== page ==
Center for Housing Equity and Opportunity in Eastern Connecticut launches with inaugural gathering at Conn
In her first-ever grant-writing effort, Connecticut College senior Sarah Harris garnered a $5,000 donation for the New London Area Food Coalition, which operates the New London Area Food Pantry. A representative from the Chelsea Groton Foundation, which awarded the grant, presented the check.
It was an important moment for the anthropology major who had been working on course-based research projects at the food pantry since her sophomore year.
“I was elated and very thankful that the bank’s foundation recognized the incredible impact the Food Pantry makes on the community,” Harris said.
The food pantry is a central distribution site for area residents in need of emergency food; it serves more than 1,000 people each month. With appropriate vouchers from local social service organizations, those in need can pick up a three-day supply of groceries, including fruits, vegetables, protein and other staples.
The grant funds will be used to purchase quality food that is nourishing and healthful and to help increase the options for protein items for clients.
“We are so grateful to have a neighbor like Connecticut College and partners like Sarah and the Chelsea Groton Foundation who believe in and support our mission in so many ways. This grant will go a long way toward meeting the needs of the people of New London," said Bob Lavoie, the food pantry’s treasurer.
Harris was introduced to the food pantry by her anthropology professor, Joyce Bennett, an advocate of community learning who connects a number of her courses to organizations and efforts in southeastern Connecticut. As a sophomore, Harris worked with fellow students and Bennett to conduct a survey at the food pantry, and then presented the results to the coalition’s board of directors.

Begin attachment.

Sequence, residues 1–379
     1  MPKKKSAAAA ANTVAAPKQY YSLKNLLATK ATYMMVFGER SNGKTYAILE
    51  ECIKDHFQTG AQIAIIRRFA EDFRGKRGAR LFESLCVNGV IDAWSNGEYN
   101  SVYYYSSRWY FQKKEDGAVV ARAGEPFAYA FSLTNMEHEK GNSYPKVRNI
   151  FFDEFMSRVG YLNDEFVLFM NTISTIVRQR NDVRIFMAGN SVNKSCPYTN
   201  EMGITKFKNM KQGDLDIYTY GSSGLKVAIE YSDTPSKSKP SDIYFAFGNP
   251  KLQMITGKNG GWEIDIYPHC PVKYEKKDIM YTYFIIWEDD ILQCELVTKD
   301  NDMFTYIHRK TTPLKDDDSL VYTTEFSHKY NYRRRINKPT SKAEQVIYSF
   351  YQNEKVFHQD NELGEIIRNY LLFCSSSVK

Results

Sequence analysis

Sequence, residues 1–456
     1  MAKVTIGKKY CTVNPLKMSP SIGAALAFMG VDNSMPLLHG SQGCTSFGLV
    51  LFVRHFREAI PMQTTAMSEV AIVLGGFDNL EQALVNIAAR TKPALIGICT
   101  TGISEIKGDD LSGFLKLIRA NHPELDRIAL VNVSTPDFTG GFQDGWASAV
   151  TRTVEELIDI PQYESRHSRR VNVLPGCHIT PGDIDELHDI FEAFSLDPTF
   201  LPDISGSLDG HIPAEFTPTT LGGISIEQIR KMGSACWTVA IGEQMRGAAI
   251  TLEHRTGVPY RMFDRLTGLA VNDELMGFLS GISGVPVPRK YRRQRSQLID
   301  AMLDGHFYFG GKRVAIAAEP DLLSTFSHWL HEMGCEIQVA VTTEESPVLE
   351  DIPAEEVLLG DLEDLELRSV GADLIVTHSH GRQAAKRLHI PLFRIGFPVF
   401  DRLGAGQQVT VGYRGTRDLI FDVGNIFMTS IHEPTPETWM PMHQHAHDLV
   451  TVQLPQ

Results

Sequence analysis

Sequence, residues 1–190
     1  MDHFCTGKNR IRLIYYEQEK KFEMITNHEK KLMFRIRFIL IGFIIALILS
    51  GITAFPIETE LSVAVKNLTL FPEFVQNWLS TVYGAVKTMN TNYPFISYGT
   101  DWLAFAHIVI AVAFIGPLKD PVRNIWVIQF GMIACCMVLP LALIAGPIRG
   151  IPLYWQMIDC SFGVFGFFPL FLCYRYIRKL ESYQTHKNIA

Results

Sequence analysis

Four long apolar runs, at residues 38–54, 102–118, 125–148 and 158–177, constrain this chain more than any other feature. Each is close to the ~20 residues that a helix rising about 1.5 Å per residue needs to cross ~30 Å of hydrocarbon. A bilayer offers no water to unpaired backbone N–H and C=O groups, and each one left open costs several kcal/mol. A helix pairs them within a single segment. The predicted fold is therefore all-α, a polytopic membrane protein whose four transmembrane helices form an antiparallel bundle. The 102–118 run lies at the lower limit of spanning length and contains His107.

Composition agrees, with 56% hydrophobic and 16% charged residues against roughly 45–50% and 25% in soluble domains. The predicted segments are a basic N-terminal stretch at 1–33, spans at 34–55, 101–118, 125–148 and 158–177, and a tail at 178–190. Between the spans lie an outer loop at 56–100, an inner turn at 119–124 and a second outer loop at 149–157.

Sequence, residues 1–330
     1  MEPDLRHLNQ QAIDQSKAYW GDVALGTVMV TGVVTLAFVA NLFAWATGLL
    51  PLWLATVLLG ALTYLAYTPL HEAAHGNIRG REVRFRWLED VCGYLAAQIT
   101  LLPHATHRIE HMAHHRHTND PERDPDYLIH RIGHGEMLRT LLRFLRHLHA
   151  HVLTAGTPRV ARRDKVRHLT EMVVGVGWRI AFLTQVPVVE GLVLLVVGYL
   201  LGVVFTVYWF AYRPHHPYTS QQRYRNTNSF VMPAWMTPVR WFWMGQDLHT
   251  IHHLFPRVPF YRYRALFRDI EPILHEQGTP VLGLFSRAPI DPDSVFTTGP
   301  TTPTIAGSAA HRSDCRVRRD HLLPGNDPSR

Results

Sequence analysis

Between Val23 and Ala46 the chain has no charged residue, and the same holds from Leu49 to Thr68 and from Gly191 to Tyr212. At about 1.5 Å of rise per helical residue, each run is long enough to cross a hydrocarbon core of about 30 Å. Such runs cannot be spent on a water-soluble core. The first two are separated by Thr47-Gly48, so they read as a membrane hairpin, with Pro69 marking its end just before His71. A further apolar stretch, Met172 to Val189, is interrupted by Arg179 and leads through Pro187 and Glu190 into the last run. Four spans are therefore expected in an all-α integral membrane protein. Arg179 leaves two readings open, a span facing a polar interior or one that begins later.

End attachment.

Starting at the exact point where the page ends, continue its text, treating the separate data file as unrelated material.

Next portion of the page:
When Harris expressed an interest in grant writing and in further supporting the food pantry’s mission, she turned to Bennett for help. Under Bennett’s mentorship, Harris carefully examined food insecurity in the New London region and the impact a donation could have on the local population, as well as local organizations that might support a funding request. After several drafts and input from Bennet, she submitted the compelling final request to the Chelsea Groton Foundation.
“I am pleased about this outcome because it meets many goals in a non-traditional way,” said Bennett. “A student was able to get practical experience that will benefit her career, she learned about the structural issues surrounding poverty and food insecurity, and she used that knowledge to do something about it. This applied anthropology project is producing valuable results for both students and New London residents.”
The Chelsea Groton Foundation, Inc., was formed in 1998 as a Section 501(c) (3) organization. Initially endowed with a $2 million donation from Chelsea Groton Bank, and recently gifted an additional $5 million from the bank, the foundation has awarded more than $2.6 million in grants to hundreds of scientific, educational and charitable organizations located within the bank’s Connecticut and Rhode Island market area.